Having already discussed his condition at length with The Guardian after revealing all in a very candid manner on Twitter, Benga’s now very vocal about his excitement to be making music again and channelling his experiences into his art. Pinch too – though admittedly nowhere near as dramatically – has been returning to his roots, recapturing the freedom and creativity of the early ‘00s that saw the birth of dubstep. Talking to us on a Tuesday evening he says he jumped at the chance to host Benga’s feted return to DJing; and likewise Benga is frank in admitting that he couldn’t think of a more appropriate stage for his comeback.
If Pinch is the learned professor – referencing everything from Alan Moore to half lives and exponential decay, and able to turn out potted histories of the UK’s various strands of musical heritage with the same ease as if he were telling you about what he’d been up to that afternoon – then Benga is very much the attentive student. For the duration of our shared conversation, he sits with a wide-eyed stare as though the more open his lids are the more information he’ll be able to absorb into the brain behind them. But Benga’s not without his own epiphanies. They come frequently, and when they do they’re forcefully animated yet crisply distilled and enough to bring the rest of the room to a quiet that matches his own bouts of attentive silences. Much like, as it happens, his music – just as Pinch’s stories and his records (that he admits can be more drawn out in their making) are similar in that they’re both studied exercises in the fusion of ideas.
“It probably wasn’t until 2005 - I don’t think I knew you in 2004 – you and Skream were still a mystery to me at that stage,” Pinch says, struggling to recall exactly when and where he and Benga first crossed paths. “I just remember I was very surprised at how young you guys were when I found out, because you didn’t sound that old on record,” he continues. “As far as my ears were concerned, at that time, Plasticman [Plastician] was a giant and you were a lot older than you actually were.” The pair then pick through the paucity of their recollections: the early FWD>> days when, Pinch says, “there was only about fifty people into the sound”, the first DMZ at 3rd Base, though both of them try but neither of them can remember who actually played, before giving in. “This was over ten years ago. There’s not a single cell in either of our bodies that was still there ten years ago,” Pinch jokes, and is met with a crescendo of laughter from Benga, exclaiming, “True statement, that’s a true fucking statement, that. Different cells, mate!”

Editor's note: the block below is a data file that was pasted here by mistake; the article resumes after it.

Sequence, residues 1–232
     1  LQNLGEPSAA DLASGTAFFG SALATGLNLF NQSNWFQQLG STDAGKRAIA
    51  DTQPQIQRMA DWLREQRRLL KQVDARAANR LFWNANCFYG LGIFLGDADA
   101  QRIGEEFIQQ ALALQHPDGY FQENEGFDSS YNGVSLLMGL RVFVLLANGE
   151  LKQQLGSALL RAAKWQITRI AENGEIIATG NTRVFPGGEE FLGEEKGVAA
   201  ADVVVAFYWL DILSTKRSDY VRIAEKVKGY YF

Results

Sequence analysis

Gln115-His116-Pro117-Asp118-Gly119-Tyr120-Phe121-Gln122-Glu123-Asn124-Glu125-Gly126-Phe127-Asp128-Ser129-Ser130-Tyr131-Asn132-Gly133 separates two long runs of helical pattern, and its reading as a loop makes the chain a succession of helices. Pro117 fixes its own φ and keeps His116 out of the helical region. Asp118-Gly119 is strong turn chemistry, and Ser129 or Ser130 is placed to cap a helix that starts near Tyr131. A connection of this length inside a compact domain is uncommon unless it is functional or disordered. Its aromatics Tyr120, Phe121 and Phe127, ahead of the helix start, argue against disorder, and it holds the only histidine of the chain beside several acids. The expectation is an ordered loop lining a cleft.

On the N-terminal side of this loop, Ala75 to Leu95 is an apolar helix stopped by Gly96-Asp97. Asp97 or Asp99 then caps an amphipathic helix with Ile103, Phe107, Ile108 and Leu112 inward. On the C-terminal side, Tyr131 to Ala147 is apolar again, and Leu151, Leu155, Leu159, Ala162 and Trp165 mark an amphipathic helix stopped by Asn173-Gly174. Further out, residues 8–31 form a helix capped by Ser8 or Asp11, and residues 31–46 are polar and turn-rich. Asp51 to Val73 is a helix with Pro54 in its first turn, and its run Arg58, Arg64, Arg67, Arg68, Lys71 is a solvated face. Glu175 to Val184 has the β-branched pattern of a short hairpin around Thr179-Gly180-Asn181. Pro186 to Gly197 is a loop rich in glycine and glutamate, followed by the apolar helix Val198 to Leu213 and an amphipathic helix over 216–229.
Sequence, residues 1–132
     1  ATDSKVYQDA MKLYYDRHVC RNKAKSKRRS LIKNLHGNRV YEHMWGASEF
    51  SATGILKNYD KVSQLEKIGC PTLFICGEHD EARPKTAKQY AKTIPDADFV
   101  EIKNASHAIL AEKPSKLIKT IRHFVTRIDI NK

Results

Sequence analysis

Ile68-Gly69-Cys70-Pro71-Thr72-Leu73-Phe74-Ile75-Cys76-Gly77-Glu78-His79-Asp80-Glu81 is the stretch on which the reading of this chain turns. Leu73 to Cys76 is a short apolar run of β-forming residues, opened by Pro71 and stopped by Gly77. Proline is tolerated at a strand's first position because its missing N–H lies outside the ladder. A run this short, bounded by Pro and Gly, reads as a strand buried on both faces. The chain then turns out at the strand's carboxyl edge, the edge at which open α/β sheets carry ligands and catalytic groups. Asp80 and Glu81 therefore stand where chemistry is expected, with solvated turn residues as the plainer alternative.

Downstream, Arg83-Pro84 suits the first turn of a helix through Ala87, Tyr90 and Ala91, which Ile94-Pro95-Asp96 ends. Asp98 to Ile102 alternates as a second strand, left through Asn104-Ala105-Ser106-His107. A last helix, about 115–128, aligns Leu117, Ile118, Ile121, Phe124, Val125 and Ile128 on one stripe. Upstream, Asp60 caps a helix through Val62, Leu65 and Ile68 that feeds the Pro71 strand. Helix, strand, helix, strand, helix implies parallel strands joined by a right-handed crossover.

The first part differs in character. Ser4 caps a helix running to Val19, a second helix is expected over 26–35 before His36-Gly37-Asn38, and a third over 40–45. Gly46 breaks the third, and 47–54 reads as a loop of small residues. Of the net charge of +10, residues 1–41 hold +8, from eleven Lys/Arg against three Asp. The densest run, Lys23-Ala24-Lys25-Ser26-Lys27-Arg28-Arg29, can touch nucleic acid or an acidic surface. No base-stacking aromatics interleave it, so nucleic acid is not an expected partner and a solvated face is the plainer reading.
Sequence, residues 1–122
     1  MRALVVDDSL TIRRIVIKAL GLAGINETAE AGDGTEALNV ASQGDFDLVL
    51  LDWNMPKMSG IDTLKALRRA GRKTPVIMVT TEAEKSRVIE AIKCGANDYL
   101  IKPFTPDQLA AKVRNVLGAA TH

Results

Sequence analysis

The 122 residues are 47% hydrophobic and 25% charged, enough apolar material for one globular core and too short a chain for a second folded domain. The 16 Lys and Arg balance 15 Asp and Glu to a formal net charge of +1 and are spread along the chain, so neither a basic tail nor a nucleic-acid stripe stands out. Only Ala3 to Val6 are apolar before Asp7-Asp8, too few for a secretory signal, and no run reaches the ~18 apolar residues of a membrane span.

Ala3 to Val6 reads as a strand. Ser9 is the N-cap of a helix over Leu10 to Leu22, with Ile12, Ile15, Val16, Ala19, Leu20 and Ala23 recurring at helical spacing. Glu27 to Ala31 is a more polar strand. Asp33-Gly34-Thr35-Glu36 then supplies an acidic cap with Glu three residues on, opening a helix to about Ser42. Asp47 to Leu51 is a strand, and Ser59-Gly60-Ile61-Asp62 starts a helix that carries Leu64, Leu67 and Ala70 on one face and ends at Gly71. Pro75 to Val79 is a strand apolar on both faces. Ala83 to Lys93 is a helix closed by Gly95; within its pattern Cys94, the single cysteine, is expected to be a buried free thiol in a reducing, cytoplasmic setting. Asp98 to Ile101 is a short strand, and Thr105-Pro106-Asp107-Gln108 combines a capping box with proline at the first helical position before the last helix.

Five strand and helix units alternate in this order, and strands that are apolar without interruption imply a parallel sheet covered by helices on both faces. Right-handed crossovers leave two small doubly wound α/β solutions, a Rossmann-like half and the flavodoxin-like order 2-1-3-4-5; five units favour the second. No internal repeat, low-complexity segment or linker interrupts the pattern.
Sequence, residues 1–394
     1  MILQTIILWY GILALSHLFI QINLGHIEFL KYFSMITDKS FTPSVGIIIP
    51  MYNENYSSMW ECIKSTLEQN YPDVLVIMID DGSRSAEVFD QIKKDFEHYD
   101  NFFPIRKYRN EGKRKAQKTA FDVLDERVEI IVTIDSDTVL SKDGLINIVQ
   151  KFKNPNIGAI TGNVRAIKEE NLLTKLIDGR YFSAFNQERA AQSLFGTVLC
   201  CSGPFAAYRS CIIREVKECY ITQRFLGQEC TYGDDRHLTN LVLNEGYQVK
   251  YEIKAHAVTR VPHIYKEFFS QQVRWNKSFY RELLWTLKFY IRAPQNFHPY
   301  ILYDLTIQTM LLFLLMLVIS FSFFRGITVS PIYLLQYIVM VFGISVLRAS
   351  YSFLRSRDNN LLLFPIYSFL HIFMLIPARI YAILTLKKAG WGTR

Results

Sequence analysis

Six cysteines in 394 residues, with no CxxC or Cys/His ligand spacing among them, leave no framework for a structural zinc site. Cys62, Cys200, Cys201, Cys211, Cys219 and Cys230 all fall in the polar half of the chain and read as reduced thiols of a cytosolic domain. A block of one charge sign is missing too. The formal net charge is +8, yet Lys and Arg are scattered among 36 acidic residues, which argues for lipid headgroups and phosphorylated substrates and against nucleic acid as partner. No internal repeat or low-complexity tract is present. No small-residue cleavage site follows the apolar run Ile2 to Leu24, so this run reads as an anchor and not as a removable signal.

"Things get more maximal within a scene, busier and busier, beats become fuller and fuller and fuller and eventually it hits the point of overload." - Pinch